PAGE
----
Partitioning of requirements

The requirements identified to date fall into the following categories:

* Interface (kernel and user mode)
* Platform Throttling
* Process / OS Throttling 
* Low power kernel processing 
* Sleep state support
* System load prediction
* Measurement and benchmark
* New ideas to consider

The following sections will explore each of these categories and provide specific requirements or issues that could be investigated further.

Interface (kernel and user mode)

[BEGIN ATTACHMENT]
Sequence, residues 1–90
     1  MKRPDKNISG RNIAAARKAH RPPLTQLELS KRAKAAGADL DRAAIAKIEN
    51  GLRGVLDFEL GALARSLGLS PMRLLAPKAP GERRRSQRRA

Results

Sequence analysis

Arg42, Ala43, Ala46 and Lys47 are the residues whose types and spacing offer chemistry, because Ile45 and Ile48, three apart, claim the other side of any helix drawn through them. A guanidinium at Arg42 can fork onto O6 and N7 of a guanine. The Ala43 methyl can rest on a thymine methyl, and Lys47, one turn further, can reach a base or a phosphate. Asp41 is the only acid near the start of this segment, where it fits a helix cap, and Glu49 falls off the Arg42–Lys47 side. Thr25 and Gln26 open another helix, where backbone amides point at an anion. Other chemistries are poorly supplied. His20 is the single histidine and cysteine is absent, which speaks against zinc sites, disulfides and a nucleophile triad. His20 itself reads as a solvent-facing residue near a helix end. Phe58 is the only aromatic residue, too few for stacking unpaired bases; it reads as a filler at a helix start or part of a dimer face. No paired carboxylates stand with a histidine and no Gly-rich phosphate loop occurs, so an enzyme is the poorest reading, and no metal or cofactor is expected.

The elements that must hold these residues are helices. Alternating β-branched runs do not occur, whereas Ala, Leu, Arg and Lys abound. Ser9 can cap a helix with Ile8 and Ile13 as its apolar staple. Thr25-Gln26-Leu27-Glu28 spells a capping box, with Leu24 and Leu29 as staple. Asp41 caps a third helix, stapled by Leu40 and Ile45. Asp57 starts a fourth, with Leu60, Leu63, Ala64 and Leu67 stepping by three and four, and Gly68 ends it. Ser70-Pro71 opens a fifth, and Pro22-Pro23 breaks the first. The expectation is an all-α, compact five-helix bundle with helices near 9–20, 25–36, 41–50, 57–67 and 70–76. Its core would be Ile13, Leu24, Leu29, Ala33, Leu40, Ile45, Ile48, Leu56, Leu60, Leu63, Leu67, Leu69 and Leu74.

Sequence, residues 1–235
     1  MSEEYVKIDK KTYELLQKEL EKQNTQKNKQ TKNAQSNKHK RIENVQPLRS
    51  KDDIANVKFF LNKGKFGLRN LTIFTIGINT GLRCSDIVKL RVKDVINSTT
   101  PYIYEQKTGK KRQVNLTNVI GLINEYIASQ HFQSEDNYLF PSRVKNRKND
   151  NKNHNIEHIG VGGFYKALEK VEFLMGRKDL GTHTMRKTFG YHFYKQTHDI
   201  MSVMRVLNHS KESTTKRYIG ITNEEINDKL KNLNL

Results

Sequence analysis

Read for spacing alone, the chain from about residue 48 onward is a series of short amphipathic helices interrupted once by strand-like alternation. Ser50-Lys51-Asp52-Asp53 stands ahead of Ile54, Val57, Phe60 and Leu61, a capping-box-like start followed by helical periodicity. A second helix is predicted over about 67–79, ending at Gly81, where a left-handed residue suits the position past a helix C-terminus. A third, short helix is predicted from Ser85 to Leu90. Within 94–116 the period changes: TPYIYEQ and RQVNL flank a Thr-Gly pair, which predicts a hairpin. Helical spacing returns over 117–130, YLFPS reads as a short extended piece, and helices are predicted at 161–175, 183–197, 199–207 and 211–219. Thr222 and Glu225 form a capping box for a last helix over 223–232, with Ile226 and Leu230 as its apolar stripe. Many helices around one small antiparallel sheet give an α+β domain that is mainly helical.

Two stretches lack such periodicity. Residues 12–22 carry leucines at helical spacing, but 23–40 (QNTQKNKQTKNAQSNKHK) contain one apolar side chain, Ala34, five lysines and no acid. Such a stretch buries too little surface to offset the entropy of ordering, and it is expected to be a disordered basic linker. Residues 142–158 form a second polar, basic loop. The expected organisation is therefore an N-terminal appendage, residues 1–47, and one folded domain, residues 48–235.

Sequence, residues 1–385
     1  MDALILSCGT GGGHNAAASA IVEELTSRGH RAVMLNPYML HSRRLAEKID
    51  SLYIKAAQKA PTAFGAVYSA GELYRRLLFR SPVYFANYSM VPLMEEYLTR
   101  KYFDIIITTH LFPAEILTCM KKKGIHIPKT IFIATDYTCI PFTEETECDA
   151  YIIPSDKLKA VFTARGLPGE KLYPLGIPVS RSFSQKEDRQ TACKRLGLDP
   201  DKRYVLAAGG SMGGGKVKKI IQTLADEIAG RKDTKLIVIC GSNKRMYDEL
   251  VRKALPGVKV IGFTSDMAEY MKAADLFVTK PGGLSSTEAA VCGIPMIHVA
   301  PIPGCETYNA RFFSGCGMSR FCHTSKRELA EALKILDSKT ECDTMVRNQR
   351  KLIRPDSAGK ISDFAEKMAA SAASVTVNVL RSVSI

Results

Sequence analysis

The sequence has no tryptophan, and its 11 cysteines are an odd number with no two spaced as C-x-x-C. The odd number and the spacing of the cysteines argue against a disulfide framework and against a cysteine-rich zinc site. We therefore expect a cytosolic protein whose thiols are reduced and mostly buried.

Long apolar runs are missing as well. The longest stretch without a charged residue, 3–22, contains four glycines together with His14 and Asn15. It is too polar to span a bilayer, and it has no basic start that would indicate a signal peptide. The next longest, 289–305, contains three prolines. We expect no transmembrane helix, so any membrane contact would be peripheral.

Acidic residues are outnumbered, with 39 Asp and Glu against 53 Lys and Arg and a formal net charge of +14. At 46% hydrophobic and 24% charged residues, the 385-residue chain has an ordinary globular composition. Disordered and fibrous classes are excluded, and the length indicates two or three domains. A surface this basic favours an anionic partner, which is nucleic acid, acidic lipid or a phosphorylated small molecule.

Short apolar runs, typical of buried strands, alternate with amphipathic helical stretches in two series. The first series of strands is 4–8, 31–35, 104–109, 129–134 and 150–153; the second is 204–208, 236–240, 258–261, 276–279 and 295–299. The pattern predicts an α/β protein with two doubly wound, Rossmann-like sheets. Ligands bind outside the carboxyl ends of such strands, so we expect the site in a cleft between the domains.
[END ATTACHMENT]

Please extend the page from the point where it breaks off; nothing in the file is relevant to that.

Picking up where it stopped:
There is also a huge difference in control logic for clock/voltage scaling between PC's and CE devices. In PCs CPU frequency is often scaled independently from the rest of the system. In embedded world this is hardly the case. CPU frequency is often synchronous with the bus frequency. A number of peripherals connected to the bus can derive frequencies from the bus clock and therefore may need to be reprogrammed in case the bus frequency is changed (all of this as part of the CPU frequency change). Besides there can be several masters on the bus (CPUs, DMAs, etc). In such systems scaling a CPU clock has huge influence on the system performance and should be used with care. Such decisions should be based on much more information than simply idle time on one of the CPUs. Needless to say that apart from CPU frequency scaling, embedded system often scale the bus frequency to squeeze the energy consumption even further. In practice, there numerous dependencies between different clocks and voltages in the system, which are typically known to the system designer only.